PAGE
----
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Medvedev Looks More Like the Next President

The surprising news about Yury Luzhkov’s unceremonious dismissal by President Dmitry Medvedev is that it has made Prime Minister Vladimir Putin’s return to the presidency in 2012 somewhat less likely.

With Luzhkov’s departure from the political scene, along with the earlier retirements of Tatarstan President Mintimer Shaimiyev and Bashkortostan President Murtaza Rakhimov, Putin’s team has completely consolidated its hold on power, eliminated potential sources of mutiny and is now in perfect position to rule Russia for decades to come.

Moscow’s mayor is the third most-powerful position after the president and the prime minister in terms of raw economic, financial and electoral power. If not properly controlled, he who runs Moscow could very well run the country.

As mayor, Luzhkov was endowed with an outsized ego that was matched only by his ambition. He clearly had never been just another brick in the vertical power wall and often allowed himself considerable political leeway. When Putin was president, he had a direct line to him, bypassing the Kremlin administration. His flamboyant “I’ll be back” style of departure only confirmed the suspicion that he had indeed been a dormant threat.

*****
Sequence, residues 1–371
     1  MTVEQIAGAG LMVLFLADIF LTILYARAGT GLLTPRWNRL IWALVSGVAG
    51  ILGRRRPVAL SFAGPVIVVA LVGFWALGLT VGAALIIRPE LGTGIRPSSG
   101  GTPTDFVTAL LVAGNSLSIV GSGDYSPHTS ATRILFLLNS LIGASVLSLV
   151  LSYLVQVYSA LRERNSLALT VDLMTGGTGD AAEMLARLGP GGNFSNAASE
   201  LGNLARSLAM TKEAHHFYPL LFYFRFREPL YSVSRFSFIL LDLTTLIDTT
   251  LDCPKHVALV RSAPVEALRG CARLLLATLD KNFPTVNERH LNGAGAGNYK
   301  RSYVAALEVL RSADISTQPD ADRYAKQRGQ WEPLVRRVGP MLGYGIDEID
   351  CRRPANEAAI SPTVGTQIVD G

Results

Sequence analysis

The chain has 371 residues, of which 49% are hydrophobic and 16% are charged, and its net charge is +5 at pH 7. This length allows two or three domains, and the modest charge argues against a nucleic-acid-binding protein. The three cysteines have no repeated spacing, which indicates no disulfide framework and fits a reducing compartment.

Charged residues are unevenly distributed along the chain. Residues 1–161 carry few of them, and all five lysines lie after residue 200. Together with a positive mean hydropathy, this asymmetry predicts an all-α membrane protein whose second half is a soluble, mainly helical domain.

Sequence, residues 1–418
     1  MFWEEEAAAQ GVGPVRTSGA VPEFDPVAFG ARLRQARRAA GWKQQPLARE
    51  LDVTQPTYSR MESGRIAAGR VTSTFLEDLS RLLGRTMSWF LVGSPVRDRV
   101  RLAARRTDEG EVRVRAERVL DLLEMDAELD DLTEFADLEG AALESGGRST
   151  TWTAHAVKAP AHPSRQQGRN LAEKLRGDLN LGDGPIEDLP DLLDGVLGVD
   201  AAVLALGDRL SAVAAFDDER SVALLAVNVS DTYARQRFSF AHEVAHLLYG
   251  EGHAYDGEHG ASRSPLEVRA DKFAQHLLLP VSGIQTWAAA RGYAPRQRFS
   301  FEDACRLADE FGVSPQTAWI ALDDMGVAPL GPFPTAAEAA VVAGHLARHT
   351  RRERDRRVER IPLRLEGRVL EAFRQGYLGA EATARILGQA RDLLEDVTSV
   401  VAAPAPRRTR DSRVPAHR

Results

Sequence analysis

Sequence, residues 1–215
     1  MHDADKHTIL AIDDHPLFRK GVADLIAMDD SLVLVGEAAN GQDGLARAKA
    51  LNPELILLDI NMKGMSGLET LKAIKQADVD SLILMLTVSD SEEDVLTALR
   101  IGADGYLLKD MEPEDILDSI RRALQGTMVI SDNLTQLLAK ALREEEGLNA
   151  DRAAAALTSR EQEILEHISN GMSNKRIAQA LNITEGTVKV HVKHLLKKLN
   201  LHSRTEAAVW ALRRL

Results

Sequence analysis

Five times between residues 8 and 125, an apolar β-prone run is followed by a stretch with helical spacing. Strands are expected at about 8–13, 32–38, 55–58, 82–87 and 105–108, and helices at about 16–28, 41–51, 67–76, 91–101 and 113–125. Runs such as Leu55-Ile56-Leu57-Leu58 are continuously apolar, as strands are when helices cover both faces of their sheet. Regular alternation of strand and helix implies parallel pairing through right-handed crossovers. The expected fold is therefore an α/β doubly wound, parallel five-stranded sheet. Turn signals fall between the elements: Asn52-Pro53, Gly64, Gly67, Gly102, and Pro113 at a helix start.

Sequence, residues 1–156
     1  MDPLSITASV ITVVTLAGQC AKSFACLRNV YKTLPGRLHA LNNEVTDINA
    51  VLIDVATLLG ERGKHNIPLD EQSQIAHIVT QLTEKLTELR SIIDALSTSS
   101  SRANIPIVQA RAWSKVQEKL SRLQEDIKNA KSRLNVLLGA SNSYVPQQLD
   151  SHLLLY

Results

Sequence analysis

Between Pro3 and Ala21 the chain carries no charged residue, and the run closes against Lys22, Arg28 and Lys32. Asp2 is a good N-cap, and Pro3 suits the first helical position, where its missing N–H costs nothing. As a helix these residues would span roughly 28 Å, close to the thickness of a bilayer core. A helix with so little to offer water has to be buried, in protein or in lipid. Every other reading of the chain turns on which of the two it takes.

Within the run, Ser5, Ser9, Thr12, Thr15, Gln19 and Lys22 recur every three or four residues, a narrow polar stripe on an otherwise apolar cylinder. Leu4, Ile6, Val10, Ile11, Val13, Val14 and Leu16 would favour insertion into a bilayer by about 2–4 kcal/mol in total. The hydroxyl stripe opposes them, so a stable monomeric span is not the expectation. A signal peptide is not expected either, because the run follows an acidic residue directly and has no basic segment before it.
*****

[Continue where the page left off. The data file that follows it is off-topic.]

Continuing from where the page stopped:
Putin’s team now has complete control of the country. For the most part, the titles of prime minister and president are irrelevant since Putin retains ultimate power.

In this sense, the political annihilation of Luzhkov may suggest that Putin is leaning toward maintaining the tandemocracy after 2012, letting Medvedev run for a second term, while remaining prime minister for a while. This is what Putin hinted at in August in his wide-ranging interview to Kommersant when he said he was tired of foreign policy and liked what he was doing as prime minister.

Were Putin to pass the 2012 deadline, it would mean that he would not be returning to the presidency again, barring some catastrophic event. Because the presidential vote in 2012 would be his only window of opportunity, it appears that he has other plans and other options.

When Medvedev serves out his second presidential term in 2018, another member of Putin’s team will step forward to take the reins of power, but with Putin still having the last word on crucial decisions.

Vladimir Frolov is president of LEFF Group, a government-relations and PR company.

The views expressed in opinion pieces do not necessarily reflect the position of The Moscow Times.

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